Recently released data* reveal that over one trillion aluminum beer and soda cans have been thrown in the trash—not the recycling bin—since Americans began buying these cans more than thirty years ago. The trillion wasted beverage cans weigh in at 17.5 million tons—a quantity of scrap aluminum worth about $21 billion at today's market prices.
Over the last four decades, the damages from aluminum manufacturing and associated infrastructure include thousand of square miles of habitat loss on every major continent, the displacement of tens of thousands of indigenous people, and the release of tens of millions of tons of greenhouse gasses and other toxic air and water pollutants.
While we are steadily trashing millions of tons of cans that could be used to make new cans and other aluminum products, multi-national companies like Alcoa and Alcan are forging ahead to build new aluminum smelters in pristine environments all over the world, including Brazil, Australia, Mozambique, and Iceland.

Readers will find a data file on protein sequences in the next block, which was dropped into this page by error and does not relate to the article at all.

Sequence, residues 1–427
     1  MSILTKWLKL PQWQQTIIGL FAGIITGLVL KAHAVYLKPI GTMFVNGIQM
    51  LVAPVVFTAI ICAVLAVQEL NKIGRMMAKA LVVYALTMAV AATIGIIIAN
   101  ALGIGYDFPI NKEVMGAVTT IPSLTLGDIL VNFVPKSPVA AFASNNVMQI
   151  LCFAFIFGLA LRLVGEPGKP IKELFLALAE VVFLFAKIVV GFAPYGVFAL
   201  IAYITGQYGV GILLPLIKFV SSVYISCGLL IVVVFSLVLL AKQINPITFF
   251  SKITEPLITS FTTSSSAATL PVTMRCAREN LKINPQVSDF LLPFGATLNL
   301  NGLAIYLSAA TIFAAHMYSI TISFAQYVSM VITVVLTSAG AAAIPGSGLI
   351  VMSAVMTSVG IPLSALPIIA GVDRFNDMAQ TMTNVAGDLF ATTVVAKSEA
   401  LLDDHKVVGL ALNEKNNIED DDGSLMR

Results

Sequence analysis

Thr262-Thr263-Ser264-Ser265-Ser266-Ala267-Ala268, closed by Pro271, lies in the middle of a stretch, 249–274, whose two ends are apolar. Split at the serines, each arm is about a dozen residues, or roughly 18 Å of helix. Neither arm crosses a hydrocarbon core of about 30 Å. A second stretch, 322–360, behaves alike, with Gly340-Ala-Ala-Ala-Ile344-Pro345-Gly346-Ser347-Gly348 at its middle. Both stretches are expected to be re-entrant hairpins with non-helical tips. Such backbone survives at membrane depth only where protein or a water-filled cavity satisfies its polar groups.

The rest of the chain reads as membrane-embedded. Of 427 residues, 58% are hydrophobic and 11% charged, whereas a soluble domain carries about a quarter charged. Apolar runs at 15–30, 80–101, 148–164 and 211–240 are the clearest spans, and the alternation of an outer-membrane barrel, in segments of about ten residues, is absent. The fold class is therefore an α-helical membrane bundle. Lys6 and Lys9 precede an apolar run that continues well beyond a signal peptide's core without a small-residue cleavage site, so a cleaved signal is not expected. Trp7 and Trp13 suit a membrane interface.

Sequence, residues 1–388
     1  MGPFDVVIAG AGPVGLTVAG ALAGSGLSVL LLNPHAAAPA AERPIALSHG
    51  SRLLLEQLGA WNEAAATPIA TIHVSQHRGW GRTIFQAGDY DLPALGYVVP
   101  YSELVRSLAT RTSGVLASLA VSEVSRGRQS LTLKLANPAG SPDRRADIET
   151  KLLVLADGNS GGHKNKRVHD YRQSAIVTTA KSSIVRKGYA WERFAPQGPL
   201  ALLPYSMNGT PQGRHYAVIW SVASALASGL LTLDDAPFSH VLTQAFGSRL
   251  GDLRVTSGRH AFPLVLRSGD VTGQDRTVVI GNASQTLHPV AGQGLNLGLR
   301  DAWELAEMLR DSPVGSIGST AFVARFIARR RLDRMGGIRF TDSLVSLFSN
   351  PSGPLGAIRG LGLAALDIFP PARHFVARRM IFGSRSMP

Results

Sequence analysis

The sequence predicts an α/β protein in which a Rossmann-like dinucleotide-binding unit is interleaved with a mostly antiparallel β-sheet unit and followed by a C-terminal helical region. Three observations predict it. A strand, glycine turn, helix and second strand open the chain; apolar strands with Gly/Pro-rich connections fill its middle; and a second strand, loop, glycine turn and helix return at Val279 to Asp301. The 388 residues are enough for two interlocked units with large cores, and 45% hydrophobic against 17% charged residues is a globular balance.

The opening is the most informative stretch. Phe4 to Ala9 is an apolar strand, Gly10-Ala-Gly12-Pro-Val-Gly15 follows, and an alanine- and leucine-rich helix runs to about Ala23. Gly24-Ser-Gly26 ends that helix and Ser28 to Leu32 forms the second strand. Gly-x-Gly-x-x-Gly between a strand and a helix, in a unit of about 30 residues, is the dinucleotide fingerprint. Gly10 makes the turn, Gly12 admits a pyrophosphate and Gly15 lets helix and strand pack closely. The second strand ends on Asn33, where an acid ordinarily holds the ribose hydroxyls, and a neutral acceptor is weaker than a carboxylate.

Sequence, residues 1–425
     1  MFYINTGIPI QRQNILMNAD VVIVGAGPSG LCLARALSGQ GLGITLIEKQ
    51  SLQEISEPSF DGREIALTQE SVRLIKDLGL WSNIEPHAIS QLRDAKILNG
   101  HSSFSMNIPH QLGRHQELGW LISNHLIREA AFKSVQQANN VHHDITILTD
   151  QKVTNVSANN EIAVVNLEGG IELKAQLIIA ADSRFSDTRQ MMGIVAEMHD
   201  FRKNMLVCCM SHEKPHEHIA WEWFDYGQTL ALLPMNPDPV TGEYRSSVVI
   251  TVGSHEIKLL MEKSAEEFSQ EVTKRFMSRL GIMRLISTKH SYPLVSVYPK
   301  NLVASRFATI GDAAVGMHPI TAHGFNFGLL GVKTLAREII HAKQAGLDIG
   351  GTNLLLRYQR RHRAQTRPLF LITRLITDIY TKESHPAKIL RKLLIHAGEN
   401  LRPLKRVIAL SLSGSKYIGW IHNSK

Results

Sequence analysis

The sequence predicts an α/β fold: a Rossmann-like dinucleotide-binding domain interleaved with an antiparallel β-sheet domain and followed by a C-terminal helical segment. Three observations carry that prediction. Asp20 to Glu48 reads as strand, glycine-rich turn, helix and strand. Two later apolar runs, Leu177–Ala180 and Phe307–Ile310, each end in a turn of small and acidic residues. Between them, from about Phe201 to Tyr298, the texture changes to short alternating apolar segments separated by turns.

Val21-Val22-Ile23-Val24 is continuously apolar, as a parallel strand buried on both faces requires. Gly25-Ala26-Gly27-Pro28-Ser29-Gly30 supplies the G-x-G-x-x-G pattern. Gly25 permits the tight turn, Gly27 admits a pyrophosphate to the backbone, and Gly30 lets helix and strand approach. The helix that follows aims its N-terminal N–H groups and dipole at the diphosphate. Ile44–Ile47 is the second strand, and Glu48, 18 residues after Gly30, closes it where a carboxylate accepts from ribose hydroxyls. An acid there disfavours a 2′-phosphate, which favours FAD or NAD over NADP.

If we recycled 85% of our cans instead, as we could with a national beverage container deposit law, or "bottle bill," we could save about 600 thousand tons of aluminum metal annually —eliminating the need to build one or two brand new aluminum smelters.
*The first disposable all-aluminum cans were marketed in 1964, but t he Aluminum Association, an industry trade group, only began collecting sales and recycling data in 1972. Since 1990, the Container Recycling Institute has used U.S. Department of Commerce data to adjust the Aluminum Association recycling rate to account for imported scrap cans (cans not originally sold in the United States). This adjustment is consistent with the U.S. Environmental Protection Agency Office of Solid Waste’s method of calculating recycling rates for other materials in the wastestream. Details on the calculation methods, total number of cans wasted, and environmental impacts cited here are available from CRI. See "Two methods of calculating the aluminum recycling rate."
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